Mugabe trying to steal election, says U.S. official|
- Story Highlights
- Opposition won presidential elections, claims U.S. envoy for Africa
- Jendayi Frazer: I think Mugabe is trying to steal the election
- Chinese Foreign Ministry: Ship blocked from unloading weapons to go home
- Ship, with arms headed for Zimbabwe, refused by South Africa, Mozambique
(CNN) -- Zimbabwe's opposition leader won the disputed March 29 presidential election, and President Robert Mugabe should step down, the top U.S. envoy to Africa said Thursday.
Assistant U.S. Secretary of State for African Affairs Jendayi Frazer was speaking in South Africa at the start of a visit to increase international pressure on Mugabe.
Frazer joins a growing chorus of international voices criticizing the handling of Zimbabwe's presidential and parliamentary elections.
She said, "My preferred option would be that the will of the people will be accepted. That Mr. Mugabe does the honorable thing and steps down." Watch Frazer's strong statement on Mugabe »
British Prime Minister Gordon Brown; Jacob Zuma, the leader of South Africa's governing party; and Human Rights Watch have all criticized the election and its aftermath.
But Frazer is one of the first U.S. officials to take such an emphatic stance on the issue.
Zimbabwe is locked in a political crisis as the government refuses to release the results of an election that opposition leaders claim as a victory for its candidate Morgan Tsvangirai.
A recount is currently taking place for the presidential election and a partial recount of the parliamentary votes.
The opposition Movement for Democratic Change says Tsvangirai won the election. Mugabe's Zanu-PF party alleges that the opposition is engaged in election tampering.
Frazer said, "We are certain that Morgan Tsvangirai won based on the reporting of the Zimbabwe Electoral Support Network and other independent monitors.
"I think [Mugabe] is -- with this great delay in announcement -- trying to steal the election. He is intimidating population and election officials as well. [We've] also heard reports of the police stuffing ballots."
Frazer also raised the possibility that Mugabe was no longer running Zimbabwe and that it was the security forces which are refusing to acknowledge the election result.
"There are reports that are generals are the ones who said to him, 'We will not accept your defeat; we will not accept victory of Morgan Tsvangirai.' That is what is being reported," she said. "And the way the security apparatus has fanned out across the country, many are saying there has been a quiet coup d'etat.
Meanwhile, a Chinese ship that drew international condemnation for attempting to deliver weapons to Zimbabwe amid the country's political crisis is returning home without offloading its cargo, officials in Beijing said Thursday.
Foreign Ministry spokeswoman Jiang Yu said the vessel was being diverted back to China because Zimbabwe had "failed to receive the cargo as scheduled."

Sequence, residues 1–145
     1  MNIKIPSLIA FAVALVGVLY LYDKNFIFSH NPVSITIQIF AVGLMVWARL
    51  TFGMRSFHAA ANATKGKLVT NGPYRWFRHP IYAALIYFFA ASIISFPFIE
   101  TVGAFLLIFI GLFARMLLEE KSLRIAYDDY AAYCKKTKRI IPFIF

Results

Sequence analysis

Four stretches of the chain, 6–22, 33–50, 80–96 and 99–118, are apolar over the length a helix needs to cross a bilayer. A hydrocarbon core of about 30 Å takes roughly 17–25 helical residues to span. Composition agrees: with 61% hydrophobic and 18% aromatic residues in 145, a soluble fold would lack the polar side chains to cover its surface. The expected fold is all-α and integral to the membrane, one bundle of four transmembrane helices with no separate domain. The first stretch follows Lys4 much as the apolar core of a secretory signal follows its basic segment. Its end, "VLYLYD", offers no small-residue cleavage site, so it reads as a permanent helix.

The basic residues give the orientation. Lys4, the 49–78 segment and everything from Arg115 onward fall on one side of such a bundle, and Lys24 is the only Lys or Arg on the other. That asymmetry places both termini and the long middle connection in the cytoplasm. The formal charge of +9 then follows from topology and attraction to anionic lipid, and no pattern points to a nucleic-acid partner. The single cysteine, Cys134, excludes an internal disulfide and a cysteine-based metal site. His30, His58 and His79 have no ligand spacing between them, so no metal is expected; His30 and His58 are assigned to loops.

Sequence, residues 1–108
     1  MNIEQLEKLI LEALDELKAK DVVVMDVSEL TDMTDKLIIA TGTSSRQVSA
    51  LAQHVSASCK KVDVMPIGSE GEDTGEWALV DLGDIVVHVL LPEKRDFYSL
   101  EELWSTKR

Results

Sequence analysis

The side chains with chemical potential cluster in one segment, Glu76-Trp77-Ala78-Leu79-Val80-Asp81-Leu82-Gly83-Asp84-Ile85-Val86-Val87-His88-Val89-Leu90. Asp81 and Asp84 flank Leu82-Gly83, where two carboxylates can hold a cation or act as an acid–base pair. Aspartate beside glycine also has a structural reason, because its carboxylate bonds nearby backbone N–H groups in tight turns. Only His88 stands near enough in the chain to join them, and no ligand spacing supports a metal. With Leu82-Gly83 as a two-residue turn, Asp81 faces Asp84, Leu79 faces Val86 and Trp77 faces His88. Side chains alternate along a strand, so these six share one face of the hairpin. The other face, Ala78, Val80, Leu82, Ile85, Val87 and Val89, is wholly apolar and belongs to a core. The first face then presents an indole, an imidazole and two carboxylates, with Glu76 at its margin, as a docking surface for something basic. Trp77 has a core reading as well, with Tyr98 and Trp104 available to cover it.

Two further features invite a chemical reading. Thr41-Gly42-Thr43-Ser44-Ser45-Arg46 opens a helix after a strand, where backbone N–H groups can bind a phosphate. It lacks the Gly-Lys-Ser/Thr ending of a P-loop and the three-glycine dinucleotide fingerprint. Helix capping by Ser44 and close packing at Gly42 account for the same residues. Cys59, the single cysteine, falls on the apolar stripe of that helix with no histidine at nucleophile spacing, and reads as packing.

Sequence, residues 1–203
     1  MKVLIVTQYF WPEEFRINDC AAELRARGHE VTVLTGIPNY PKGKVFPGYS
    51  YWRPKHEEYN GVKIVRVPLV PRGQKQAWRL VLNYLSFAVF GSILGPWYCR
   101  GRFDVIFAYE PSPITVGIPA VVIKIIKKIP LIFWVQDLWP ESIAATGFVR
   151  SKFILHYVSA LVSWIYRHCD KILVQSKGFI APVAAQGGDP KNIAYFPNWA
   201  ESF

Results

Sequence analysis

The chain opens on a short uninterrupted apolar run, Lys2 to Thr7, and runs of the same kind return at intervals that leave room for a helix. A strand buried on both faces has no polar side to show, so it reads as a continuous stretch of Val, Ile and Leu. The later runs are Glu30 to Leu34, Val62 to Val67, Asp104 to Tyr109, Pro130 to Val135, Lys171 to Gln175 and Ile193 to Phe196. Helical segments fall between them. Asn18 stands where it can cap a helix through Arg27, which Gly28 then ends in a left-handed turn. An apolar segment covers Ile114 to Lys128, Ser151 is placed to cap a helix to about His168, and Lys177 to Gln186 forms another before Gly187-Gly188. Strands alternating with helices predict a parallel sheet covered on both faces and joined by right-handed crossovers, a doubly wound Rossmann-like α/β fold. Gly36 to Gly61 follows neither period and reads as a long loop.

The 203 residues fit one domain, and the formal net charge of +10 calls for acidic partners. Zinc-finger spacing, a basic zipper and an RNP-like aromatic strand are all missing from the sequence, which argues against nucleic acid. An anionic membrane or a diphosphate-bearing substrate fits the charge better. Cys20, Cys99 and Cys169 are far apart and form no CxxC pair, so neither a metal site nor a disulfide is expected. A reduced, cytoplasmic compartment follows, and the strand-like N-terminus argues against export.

The An Yue Jiang had attempted to make delivery to landlocked Zimbabwe, where violence continues in a dispute over election results, via South Africa but was blocked by a court ruling preventing transport of the arms across the country.
The opposition, which says it is being targeted in attacks by government forces, claims that the weapons would have been used to intimidate voters in the event of a run-off election as Mugabe attempts to shore up his support.
As the ship left South Africa in search of another port, the United States had urged other southern African countries not to allow it to dock. British Prime Minister Gordon Brown also called for an arms embargo on Zimbabwe.
Deputy U.S. State Department spokesman Tom Casey said the United States did not think it was "appropriate for anyone to provide additional weapons in Zimbabwe as they are going through a political crisis."
China defended the arms deal Thursday, saying it was finalized a year ago, before Zimbabwe's current troubles escalated, and called Washington's pressure unjustified.
"There are some people in the United States who would like to pose as the world's policemen, but they are not welcomed in the world," Jiang said. "We have friendly relationship with African countries."
David Cockroft, general secretary of the International Transport Workers Federation, said last week that the shipment includes 3.5 million rifle rounds, small arms, mortar shells and rocket-propelled grenades.
Another U.S. administration official said the ship's cargo was bound for Zimbabwe's security forces.
The ship also tried to dock in Mozambique but was refused permission, the official said.
China is a major small arms supplier for several countries, but the U.S. official said "the timing of this arms shipment is important" given the instability in Zimbabwe. Tensions are high there as a result of the government's refusal to release the results from last month's presidential elections.
Original article: CNN
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